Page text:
Ever since I paid off the credit cards at the end of last year, I’ve been focusing on the student line of credit (LOC). I know it has the lowest interest rate but an extended family member co-signed that line of credit for me eleven years ago. I hate being indebted to people in general, including family members, so the line of credit was my next target because I don’t want someone to have one of my debts on their credit record. It also seemed like an easy target since it was the next lowest debt after the credit cards. As of today, I am just under $900 away from paying it off!

Actually, I would have paid off the LOC more quickly. However, I was also focused on saving a significant amount to carry me for a few months of unemployment, just in case my main contract wasn’t renewed, my other clients dried up and it took me a while to find more clients (you’re looking at a real optimist right here!). I was also determined to save for living expenses for 3 months downtown on my own this summer. Come hell or high water I will be taking that break from living at home. Because, I might be frugal but, I firmly believe in enjoying life to the fullest as much as possible. We are only young once and I AM making a little money. Thus, I made the effort to save to have the experience of living downtown, even if only for a short period of time (I am BIG on experiences!). So, yeah, it is taking a little longer to pay off the LOC than it should have taken.

I have also loosened up a little with my spending. Now, instead of living like I am unemployed, I live like a college student. Big change!

On the brighter side of things, I’ve saved almost $14,000 CAD and $2,000 USD, on top of what I had in the bank last July. The $2,000 USD saved added to the $2,000 USD I had in the bank before ($4,000 USD total) is for future b-school loan payments (almost 6 months worth!), while the nearly $14,000 CAD plus the little CAD dollars I had before is a contingency fund for my next bout of unemployment.

Furthermore, altogether, including interest, I have dumped way more than $25K towards paying off my debt. However, if we compare the amounts owing last year to the amounts currently owing (9.5mths) here is the sitch:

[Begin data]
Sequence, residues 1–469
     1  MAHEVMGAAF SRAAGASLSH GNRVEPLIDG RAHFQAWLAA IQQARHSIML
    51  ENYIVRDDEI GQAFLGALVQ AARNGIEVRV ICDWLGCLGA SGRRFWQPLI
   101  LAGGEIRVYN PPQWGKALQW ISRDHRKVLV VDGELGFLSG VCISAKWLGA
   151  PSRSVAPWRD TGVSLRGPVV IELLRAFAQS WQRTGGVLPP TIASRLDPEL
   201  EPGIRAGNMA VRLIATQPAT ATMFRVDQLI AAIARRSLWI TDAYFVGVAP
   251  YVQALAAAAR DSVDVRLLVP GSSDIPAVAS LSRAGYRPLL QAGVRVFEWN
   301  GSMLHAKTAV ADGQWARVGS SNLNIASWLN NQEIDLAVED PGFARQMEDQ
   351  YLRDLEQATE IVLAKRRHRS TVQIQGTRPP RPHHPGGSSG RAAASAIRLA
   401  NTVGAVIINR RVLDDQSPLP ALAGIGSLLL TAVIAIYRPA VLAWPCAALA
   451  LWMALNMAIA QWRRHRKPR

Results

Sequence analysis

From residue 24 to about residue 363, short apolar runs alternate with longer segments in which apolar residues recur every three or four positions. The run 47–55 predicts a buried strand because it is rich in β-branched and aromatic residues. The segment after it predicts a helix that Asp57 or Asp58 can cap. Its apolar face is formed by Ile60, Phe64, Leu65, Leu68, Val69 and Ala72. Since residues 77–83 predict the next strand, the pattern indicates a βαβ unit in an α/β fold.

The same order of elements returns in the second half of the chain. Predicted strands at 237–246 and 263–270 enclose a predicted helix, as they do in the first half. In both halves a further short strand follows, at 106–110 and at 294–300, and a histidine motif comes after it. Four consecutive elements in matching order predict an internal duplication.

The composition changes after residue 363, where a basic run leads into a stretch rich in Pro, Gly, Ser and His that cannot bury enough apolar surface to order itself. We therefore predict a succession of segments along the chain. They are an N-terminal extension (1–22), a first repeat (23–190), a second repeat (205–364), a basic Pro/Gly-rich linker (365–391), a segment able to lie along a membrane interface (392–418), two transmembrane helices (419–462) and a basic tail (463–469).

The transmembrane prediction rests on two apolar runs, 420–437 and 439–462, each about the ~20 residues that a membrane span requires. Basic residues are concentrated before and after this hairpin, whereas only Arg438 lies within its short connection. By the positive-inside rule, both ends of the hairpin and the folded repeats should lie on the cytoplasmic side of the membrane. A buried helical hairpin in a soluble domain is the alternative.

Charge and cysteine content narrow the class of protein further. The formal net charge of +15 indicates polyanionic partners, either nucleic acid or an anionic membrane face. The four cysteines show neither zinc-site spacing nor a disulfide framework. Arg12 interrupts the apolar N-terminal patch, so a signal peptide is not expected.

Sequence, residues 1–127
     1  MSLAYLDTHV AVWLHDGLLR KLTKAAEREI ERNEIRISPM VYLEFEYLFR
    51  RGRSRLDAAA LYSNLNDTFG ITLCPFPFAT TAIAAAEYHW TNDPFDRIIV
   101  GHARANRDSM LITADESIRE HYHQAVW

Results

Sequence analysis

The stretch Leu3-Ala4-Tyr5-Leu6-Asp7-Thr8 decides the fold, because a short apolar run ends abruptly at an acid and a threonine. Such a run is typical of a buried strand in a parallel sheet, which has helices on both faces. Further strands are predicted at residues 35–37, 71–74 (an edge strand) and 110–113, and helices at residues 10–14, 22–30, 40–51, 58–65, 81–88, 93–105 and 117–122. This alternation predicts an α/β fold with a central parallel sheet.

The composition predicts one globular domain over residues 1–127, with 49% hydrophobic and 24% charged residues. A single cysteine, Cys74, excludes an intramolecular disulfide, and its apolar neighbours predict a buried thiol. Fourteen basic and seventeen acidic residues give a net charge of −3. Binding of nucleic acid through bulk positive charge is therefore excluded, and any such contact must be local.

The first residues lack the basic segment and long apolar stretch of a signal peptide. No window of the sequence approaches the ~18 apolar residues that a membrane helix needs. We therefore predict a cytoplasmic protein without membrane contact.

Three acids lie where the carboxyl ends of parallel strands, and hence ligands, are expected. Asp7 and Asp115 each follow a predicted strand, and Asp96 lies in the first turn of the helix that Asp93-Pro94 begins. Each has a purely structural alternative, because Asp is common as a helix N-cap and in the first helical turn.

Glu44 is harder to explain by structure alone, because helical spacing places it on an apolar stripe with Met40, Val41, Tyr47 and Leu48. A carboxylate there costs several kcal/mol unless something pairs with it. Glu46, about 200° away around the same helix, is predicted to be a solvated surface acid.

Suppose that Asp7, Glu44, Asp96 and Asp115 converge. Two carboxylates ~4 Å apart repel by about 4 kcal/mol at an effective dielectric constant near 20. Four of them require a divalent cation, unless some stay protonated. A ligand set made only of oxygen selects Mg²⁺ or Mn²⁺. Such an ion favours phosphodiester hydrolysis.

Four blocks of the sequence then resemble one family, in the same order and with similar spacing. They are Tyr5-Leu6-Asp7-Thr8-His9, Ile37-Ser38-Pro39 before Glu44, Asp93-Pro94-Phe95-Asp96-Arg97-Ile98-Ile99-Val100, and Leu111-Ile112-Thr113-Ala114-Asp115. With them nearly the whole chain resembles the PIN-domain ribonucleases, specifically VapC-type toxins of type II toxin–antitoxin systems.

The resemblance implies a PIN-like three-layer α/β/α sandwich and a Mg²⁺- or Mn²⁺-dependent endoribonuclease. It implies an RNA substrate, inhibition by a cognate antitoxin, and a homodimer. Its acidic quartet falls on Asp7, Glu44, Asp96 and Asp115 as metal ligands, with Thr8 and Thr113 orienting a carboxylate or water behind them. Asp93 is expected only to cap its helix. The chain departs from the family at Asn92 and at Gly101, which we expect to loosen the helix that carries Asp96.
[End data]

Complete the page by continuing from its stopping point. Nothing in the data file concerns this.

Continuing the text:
Name July 31, 2013 May 15, 2014
Mastercard $6,123 CAD $0
Visa $8,653 CAD $0
B-school loan $96,800 USD ($105,503 CAD) $95,909 USD ($104,532 CAD)
Ontario Student Assistance Program (OSAP) loan $20,931 CAD $19,501 CAD
Student Line of Credit (LOC) $9,678 CAD $886 CAD
TOTAL $150,888 CAD $124,919 CAD

As you can see my total debt has reduced by $25,969! As I mentioned earlier, in that same period, I also increased my savings by just over $16K!!!

All of this was made possible with gross earnings of somewhere around $60K in these nine months (obviously I don’t want to give away my exact income here). Of the money I spent in that time, i.e. the $18K difference (income – [debt paid + savings]), much of it was towards interest payment expenses, including $6,300 towards the b-school loan interest payments alone. Another big expense was the couple thousand in taxes I had to pay for my net earnings from the second half of last year.

I still have a long way to go but I feel good about my $26K reduction and my $16K savings. My goal is to have at least $30K paid off by the end of July this year, the one year mark of when I got my first client.

I think I can do it!

And with that, I end the everlasting story of how I made the journey to paying off more than $25K of my debt in nine months. I am super thankful for all that I have been given this year. Main client has renewed my contract indefinitely too. And I have other clients at the moment. So yeah, suuuuper thankful!

What a difference nine months makes, eh? 😀


And Miles To Go

Hi everyone!

Five years ago when I first got the idea to attend business school I knew that undertaking that journey would lead to a lot of debt on my part. I already had significant debt from undergrad and, being that I was only 2 years out from undergrad and earning a salary of $42K in Canadian dollars, I did not have much savings to use towards business school. However, I had weighed my options. Business school was going to be my ticket out of a lower income. I would also use my expected high salary post-graduation to easily pay off my debts and then get to work on helping my family out of the working class.